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Annals of the Royal College of Surgeons of England (I975) vol 57

ASPECTS OF TREATMENT*

Incidence of inguinal hernia


recurrence
Effect of time off work after repair
A P J Ross MS FRCS
Royal Hampshire County Hospital, Winchester

Summary Group studied


A survey of 26o adult male patients who had The survey was confined to adult male pa-
undergone inguiinal hernia repair was carried tients undergoing repair of inguinal hernias
out to see how long they stayed off work at St Bartholomew's and the Whittington
after operation. There was no evidence that Hospitals, London. Shortly after they had
a prolonged convalescent period reduced the been discharged from hospital the patients
suibsequent hernia recurrence rate. were asked the following questions: What
Evidence from the North American litera- was your occupation before operation? Have
ture suggests that patients can resume their you returned to the same occupation and, if
usual physical activity without ill effect much not, what is your new occupation? How soon
sooner after operation than is the current after the day of your operation did you re-
practice in the United Kingdom. General turn to light work? How soon after your
practitioners should be informed of the ad- operation did you return to full work? The
vice that has been given to their patients patients were then classified into 3 groups-
about the resumption of physical activities light work (for example, retired, clerical
after operation. work), medium work (for example, shop-
keepers, sales representatives), and heavy
work (for example, labourers, welders, but-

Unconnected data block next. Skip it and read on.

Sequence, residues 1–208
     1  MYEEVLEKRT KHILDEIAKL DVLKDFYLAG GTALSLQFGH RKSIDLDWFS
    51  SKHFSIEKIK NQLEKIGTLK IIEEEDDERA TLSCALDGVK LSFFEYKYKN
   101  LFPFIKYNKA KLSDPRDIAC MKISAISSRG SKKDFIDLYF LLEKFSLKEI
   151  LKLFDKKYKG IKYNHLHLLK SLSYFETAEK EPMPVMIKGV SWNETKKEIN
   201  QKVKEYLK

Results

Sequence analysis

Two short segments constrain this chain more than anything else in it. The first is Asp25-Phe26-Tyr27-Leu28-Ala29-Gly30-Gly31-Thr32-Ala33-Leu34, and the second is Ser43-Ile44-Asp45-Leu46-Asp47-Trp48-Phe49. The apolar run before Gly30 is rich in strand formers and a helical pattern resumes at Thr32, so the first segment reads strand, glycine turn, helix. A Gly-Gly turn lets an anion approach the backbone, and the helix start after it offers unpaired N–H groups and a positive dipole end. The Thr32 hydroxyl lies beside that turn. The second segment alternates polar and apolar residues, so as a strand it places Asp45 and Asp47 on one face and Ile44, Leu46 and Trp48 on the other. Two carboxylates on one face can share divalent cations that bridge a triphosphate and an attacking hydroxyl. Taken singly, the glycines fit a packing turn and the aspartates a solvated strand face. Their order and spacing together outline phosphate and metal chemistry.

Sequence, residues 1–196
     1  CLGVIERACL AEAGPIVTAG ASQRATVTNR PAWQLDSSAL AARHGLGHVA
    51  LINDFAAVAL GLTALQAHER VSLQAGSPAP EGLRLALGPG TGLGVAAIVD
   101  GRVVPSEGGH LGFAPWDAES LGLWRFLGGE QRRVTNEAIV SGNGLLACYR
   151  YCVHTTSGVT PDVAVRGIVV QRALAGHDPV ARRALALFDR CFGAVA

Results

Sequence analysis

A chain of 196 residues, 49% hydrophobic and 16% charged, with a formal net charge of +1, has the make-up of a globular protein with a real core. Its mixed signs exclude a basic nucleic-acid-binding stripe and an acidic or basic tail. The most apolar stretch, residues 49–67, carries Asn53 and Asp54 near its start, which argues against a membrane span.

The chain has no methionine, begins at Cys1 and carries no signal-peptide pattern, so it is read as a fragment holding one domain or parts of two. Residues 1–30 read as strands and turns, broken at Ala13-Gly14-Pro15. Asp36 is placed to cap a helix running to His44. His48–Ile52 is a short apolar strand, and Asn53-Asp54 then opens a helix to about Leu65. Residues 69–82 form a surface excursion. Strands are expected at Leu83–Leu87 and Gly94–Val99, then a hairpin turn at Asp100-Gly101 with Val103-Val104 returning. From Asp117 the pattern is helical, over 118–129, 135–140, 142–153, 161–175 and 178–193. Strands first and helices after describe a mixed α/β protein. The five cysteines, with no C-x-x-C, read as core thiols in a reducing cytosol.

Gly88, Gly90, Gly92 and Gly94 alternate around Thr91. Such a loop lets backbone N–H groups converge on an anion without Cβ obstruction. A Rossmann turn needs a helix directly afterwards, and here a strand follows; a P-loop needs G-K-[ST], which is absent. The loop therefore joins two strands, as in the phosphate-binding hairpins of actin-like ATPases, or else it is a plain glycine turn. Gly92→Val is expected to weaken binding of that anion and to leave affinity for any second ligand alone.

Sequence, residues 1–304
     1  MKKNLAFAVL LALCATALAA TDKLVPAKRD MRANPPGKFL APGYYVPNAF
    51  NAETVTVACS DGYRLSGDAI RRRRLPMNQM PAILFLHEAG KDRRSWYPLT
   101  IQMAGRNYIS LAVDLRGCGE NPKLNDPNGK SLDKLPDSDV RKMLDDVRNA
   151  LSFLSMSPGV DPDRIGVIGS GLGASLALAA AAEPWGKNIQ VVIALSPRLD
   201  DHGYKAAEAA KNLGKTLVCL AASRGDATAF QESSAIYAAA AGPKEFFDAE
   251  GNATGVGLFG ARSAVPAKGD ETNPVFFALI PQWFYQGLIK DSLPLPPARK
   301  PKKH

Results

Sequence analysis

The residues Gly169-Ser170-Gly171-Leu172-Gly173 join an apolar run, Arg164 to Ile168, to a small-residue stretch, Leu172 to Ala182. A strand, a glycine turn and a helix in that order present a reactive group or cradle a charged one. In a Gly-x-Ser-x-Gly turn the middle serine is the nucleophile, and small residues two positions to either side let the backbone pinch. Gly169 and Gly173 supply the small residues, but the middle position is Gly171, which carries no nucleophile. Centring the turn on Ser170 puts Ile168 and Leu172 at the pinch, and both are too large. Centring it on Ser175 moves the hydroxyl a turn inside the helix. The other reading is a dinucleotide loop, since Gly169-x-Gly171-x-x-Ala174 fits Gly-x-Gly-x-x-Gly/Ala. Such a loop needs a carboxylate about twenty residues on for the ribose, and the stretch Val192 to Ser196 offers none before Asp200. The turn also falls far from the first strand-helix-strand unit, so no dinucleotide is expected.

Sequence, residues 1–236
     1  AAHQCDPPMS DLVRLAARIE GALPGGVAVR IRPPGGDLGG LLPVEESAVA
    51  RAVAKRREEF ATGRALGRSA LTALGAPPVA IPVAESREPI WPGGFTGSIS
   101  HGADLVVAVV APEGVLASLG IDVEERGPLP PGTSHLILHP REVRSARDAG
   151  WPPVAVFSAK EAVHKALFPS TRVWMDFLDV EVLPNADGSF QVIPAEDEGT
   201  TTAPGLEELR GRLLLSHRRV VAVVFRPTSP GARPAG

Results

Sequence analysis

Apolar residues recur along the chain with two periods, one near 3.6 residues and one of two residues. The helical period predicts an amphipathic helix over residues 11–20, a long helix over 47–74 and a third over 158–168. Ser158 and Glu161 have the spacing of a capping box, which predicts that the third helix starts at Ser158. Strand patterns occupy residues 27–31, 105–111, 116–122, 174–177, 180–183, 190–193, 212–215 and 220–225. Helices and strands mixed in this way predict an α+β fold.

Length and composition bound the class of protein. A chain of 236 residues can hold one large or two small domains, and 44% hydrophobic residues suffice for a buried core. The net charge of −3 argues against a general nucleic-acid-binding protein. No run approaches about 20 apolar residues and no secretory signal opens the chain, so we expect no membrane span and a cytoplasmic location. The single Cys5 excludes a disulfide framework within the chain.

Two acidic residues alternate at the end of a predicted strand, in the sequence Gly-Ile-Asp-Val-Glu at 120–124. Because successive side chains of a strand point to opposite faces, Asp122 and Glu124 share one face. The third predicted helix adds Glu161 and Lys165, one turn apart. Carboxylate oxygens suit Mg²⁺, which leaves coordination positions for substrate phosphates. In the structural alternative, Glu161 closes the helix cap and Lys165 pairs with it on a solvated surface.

Introduction chers)-according to the work being done
after the operation.
'How long should I stay off work, doctor?' Approximately 4 years later the patients
This must be one of the most common quest- were contacted again and were asked if they
ions that a surgeon or general practitioner had developed a recurrent hernia. If they
hears from patients who have recently under- were in any doubt they were examined by
gone an operation. It was my ignorance of a doctor.
the correct answer to this question from a
patient who had recently undergone a hernia Results
repair that led me to carry out the survey Of the 260 patients studied, 29 underwent
described in this paper. bilateral inguinal hernia repair, giving a
*Fellows and Members interested in submitting papers for consideration with a view to
publication in this series should first write to the Editor
Incidence of ingiiinal hernia recurrence 327
total of 289 hernias in the study. hernias, yet this is an occupation which
The number of hernias which had recur- involves lifting heavy weights. On the other
red 4 years after repair was 22. Of I52 in- hand many patients remained off work for
direct hernias, 6 recurred (3.9%). Of 92 di- an extraordinarily long time without ap-
rect hernias, 7 recurred (7.6%). Of 45 hernias parent reason. Striking examples of this tend-
that were recurrent at the initial operation, ency were a 47-year-old civil servant with a
9 recturrecl (2o/,,). This difference in the in- sedentary job who had an indirect hernia re-
cidence of the recurrence rate in different pair and then did not return to office work
types of inguinal herna is similar to that for another 7 weeks and did no gardening
found in the literature on the subject. until 3 months had passed; a 20-year-old
There was no apparent correlation between bank clerk with an indirect hernia who re-
the recurrence rate and the methods of hernia turned to light work after 8 weeks but did not
repair used during the study. However, the do any heavy work for over 4 months;
nmost significant finding was that there was and a 54-year-old bank messenger who had
no correlation between the time off work an indirect hernia repair and returned to
after operation and the subsequent develop- light work after 8 weeks and to full work
ment of a recurrent hernia. This applied after I4 weeks. It would seem from personal